On March 11th, the Mad River Valley Libraries and Friends of the Mad River hosted Zac Cota-Weaver from the North Branch Nature Center to bring an awesome Amphibian Road Crossing training to the MRV. We explored the lives of amphibian species like the Spotted Salamander (Ambystoma maculatum), the Jefferson Salamander (Ambystoma jeffersonianum), and the American Toad (Anaxyrus americanus) – among many others. We covered the basics of how our amphibian neighbors live, how to help them cross the road, and how to capture important community science data along the way. If you missed the training, the whole thing can be found online at the NBNC website.
After the event, Zac let us know that a TON of volunteers signed up to be Amphibian Road Crossing volunteers here in the Valley. It is exciting to know that there are so many of you out there with curious minds, a willingness to pitch in, and a love for amphibians!
One of the challenges of helping our amphibian neighbors is the fact that they tend to only move around on warm, rainy nights. Springtime offers a handful of those warm, wet nights – but predicting the weather in Vermont ain’t always easy!
Friends and the Mad River Valley Libraries want to invite anyone who attended the training event (or anyone who is interested in amphibians – we just ask that you watch the NBNC training videos first or join up with someone who has) to join us on a warm, wet evening sometime in the next few weeks. We will keep an eye on the weather forecast and when the conditions look good, we will give you a 24 hour notice with the time, location, and parking directions. We hope to see you out there!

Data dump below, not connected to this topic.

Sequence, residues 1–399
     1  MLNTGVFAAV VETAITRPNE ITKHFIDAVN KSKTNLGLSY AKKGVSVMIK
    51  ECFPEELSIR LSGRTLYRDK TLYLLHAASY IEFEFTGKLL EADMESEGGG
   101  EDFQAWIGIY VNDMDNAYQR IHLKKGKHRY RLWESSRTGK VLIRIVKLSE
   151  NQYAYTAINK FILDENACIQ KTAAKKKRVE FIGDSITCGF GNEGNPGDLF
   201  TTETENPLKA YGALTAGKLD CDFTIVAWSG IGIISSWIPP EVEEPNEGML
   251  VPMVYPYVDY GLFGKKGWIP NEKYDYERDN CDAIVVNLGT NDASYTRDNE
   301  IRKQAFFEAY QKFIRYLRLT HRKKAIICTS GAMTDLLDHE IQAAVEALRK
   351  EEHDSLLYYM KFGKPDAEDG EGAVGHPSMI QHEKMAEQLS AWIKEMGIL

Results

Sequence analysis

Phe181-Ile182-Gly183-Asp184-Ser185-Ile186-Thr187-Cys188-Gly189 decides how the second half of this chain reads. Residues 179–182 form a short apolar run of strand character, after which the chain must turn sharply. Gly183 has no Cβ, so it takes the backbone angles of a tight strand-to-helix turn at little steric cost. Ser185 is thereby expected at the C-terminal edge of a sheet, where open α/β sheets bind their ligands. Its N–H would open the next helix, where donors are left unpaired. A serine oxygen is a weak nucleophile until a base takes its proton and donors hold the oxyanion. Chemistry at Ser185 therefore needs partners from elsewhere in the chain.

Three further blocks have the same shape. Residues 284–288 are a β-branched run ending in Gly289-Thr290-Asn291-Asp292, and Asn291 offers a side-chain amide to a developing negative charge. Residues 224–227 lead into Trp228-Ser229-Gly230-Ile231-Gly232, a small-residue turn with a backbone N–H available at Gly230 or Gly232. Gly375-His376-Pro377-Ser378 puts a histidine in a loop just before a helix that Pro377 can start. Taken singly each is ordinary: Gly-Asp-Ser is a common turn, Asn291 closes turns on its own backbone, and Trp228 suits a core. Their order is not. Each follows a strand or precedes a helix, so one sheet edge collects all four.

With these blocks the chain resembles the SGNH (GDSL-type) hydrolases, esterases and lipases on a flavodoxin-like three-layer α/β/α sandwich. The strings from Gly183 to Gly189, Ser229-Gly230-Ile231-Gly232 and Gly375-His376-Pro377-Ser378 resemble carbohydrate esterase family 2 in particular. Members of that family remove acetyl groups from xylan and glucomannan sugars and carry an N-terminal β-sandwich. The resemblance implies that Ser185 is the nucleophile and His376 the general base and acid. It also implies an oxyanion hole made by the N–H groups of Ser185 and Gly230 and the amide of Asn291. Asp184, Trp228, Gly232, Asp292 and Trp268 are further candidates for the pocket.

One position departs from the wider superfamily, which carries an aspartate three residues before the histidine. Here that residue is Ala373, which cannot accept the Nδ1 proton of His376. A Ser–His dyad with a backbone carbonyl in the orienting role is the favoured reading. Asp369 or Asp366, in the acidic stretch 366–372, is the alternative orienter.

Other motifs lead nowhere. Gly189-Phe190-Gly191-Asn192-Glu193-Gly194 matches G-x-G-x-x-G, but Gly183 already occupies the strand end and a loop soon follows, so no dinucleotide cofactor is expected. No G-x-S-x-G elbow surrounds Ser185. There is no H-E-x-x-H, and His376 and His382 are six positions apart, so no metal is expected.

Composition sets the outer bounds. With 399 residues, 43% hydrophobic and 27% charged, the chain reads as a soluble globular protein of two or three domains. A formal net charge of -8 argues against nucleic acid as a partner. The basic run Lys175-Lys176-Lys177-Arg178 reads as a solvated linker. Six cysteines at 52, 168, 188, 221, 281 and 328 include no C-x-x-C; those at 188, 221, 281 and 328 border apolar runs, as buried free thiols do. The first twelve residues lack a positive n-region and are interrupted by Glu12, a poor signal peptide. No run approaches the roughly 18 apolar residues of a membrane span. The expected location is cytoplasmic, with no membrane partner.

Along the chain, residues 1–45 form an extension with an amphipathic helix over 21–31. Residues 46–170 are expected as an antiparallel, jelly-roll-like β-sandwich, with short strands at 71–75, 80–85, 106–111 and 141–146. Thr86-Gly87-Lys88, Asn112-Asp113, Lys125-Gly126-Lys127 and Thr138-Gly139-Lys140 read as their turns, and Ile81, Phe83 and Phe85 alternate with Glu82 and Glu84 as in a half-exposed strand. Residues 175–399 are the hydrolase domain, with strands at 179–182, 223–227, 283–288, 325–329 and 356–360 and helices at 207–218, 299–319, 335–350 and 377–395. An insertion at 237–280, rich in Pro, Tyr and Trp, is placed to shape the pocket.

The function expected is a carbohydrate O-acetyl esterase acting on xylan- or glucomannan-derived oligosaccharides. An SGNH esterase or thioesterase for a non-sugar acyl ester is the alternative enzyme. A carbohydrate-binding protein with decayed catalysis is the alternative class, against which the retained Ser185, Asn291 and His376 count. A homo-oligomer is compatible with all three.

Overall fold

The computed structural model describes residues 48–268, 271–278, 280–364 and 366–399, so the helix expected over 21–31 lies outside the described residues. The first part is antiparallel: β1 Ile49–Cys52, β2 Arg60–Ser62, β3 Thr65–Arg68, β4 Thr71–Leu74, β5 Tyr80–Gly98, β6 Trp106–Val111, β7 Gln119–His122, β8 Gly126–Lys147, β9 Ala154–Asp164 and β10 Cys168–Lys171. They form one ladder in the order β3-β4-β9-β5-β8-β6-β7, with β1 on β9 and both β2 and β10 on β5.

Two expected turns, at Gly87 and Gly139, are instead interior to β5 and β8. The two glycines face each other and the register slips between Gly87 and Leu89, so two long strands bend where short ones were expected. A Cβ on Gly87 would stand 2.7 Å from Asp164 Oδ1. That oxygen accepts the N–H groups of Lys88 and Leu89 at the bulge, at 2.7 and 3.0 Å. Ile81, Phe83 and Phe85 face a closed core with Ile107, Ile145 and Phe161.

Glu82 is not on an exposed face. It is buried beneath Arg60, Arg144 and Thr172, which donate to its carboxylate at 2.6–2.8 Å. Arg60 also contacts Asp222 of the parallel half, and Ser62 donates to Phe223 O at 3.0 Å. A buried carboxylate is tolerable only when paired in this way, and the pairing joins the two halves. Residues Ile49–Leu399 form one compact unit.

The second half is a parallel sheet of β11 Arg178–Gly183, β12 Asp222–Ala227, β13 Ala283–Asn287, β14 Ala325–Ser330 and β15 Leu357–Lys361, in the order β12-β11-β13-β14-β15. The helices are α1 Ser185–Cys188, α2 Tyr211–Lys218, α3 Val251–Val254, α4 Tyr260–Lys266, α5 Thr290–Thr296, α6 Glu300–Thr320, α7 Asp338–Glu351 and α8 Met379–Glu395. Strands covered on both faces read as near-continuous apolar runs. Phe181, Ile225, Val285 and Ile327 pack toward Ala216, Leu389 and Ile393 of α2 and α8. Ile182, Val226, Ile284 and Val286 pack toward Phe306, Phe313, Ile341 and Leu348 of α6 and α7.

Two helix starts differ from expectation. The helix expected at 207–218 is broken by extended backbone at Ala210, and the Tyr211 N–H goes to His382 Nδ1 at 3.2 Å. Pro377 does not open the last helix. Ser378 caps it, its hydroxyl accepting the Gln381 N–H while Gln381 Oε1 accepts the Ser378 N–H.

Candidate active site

What: Amphibian Road Crossing In-Person Event
When: A warm, wet night sometime in April – with 24+ hour notice
Hosted by: Friends of the Mad River, the Mad River Valley Libraries, the Northbranch Nature Center
For: Volunteers who want to learn about their amphibian neighbors and help them safely cross the road!
Friends of the Mad River’s Storm Smart program launched its fourth field season this week. The program has worked with dozens of community members at more than 100 Valley properties to help property owners sustainably manage runoff and reduce erosion. Friends of the Mad River (FMR) staff offers homeowners and property managers a free assessment and a custom report, similar to a home energy audit, that outlines steps they can take on their own property to save dollars and contribute to the Mad River’s clean swim holes and the community’s resilience.
“Since launching in 2018, the Storm Smart program has helped people across The Valley ‘spongify’ our landscape. By slowing down, spreading out and sinking in water as it crosses the land, we can reduce the impact of storms like the heavy spring rain we saw last week. We can slow runoff on our roads and swim holes, recharge ground water and build resilience into the landscape,” said Ira Shadis, Friends of the Mad River stewardship manager.